Here’s a blog post that I hope everyone will read, but I’m particularly interested in how other published writers would reply to my question. So if you are one, please do!
Do you re-read your own books after they’re in print?
I’ve heard many writers say that they never read their books again after publication, except maybe to select a short passage for public readings or the like.
When any book of mine gets published, I immediately sit down and reread it through from beginning to end, as soon as I get the printed copy. I think I’ve always done this. It’s a weird experience, but it’s something I feel compelled to do.
Why? In a weird sort of way, I miss the book after it’s left my computer and gone off to live in a publisher’s office. I write a book in the first place because it’s a story that interests me, and as I write I get involved in the characters and they become real people to me. I feel a sense of loss when a book is finally finished, and re-reading the book in print is like revisiting old friends.
There’s another, more practical reason: when a book is released, I need to spend the next several months telling people about it, promoting it, reading from it and signing copies if I’m given the opportunity. But there’s often a long gap between finishing a book and seeing it in print, and the story is no longer fresh in my mind. I have to reacquaint myself with those same old friends, my characters, if I’m to care enough to convince people they should pick up the book and spend time with my characters.
Revisiting the world I’ve written about is never a wholly satisfying visit, though. It’s so easy to be critical of your own work when it’s finally printed and bound. I see ways I could make it better. I invariably discover a couple of hideous typos that can now never be fixed (sometimes more serious than typos — I will never forget the horror of reading Esther: A Story of Courage in print for the first time and realizing that I had killed the same minor character twice. Fortunately, the book went into a second printing so I was eventually able to correct that glaring error.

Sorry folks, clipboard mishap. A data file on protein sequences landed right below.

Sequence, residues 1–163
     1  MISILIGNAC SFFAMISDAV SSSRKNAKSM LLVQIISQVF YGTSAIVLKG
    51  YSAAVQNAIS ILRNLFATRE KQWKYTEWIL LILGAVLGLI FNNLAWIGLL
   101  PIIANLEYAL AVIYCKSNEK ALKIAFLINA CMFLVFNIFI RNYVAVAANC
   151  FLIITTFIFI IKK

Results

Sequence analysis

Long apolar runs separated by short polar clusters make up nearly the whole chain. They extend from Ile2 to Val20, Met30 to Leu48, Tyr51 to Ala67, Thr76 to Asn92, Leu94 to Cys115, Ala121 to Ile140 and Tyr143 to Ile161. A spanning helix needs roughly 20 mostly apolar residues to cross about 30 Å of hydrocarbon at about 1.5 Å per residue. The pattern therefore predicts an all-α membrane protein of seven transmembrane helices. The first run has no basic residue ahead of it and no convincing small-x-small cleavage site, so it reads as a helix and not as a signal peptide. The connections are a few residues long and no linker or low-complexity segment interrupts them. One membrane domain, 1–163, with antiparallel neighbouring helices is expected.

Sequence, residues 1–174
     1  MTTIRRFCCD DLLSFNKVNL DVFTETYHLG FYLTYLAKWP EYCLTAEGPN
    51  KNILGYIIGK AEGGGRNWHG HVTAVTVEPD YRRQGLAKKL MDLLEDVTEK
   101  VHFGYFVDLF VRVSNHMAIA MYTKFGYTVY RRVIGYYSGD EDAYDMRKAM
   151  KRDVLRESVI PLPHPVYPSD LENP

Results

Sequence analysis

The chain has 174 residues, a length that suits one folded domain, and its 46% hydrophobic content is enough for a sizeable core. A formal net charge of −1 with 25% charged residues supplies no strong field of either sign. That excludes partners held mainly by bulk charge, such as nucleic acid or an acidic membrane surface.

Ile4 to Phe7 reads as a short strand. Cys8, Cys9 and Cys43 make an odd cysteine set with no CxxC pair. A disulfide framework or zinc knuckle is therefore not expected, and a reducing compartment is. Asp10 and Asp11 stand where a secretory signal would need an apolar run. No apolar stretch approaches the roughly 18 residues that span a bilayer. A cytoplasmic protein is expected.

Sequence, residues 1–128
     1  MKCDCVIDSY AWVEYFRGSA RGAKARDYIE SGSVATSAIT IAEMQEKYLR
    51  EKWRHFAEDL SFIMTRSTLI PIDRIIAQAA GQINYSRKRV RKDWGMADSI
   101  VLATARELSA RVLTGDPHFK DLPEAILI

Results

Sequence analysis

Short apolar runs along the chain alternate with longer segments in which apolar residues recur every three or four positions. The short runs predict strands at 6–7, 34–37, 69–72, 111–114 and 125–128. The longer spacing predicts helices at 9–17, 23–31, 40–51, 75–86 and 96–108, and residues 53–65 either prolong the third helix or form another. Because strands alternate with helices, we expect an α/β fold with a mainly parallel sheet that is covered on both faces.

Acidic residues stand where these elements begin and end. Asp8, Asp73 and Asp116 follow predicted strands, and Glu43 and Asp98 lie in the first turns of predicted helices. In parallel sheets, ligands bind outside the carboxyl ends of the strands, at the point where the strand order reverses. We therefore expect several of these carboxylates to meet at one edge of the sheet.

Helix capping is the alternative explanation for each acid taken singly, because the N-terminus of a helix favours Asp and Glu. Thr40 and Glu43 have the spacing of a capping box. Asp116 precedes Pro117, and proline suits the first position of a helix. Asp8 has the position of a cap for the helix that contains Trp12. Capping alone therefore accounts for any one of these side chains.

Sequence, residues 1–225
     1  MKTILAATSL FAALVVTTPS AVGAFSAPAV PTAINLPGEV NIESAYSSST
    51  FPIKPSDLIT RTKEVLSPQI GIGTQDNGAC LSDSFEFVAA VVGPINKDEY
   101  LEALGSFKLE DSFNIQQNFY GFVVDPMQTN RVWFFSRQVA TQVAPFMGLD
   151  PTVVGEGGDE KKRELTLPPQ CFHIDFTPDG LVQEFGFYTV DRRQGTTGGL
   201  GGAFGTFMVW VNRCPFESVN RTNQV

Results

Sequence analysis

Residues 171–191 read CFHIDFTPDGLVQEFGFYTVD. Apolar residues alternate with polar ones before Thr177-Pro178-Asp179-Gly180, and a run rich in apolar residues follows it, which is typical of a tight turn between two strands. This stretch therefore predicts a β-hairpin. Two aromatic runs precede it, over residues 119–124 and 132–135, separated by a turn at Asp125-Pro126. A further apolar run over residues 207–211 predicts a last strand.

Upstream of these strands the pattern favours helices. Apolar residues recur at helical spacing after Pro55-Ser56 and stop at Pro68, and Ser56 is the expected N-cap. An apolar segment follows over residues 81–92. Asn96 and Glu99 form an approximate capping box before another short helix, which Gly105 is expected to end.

I do find, almost invariably, that despite seeing the errors, I enjoy spending time with the characters again. I still like them, and it makes me glad I wrote the book. But once the book is in print, the characters don’t seem quite alive. They’re like butterflies that used to fly around the pretty garden in my head, but have now been killed, pinned to a board, and placed under glass. Still pretty, but not really alive anymore.
The only thing that brings characters back to life — is you. The reader. If someone else reads my book and talks to me about how they felt about the characters, then it feels as if they’re still having a life in someone else’s head. When I visit a book group whose read By the Rivers of Brooklyn and someone says (as someone has said), “Oh, Ethel frustrated me so much, I just wanted to slap her!” then I rejoice. Not because Ethel’s getting slapped in someone’s imagination, but because she’s that real in someone’s imagination. She’s still alive in a reader’s head, and that’s wonderful.
So I spent two days this week rereading my latest novel, Sunrise Hope, which just came back to me all printed and bound. (Yes, there will be giveaways and promotions as soon as it’s in stores). I found the requisite cringe-inducing errors (the worse was “emphasize” in place of “empathize,” an error I must have typed which wasn’t caught either by the editor, or the proofreader, or by me when I reread the galleys). And I did enjoy spending a few minutes with my old characters. But what I really can’t wait for, is for someone else to read about them, and care for them, and maybe even slap them around a little.
That’s when the book really comes to life.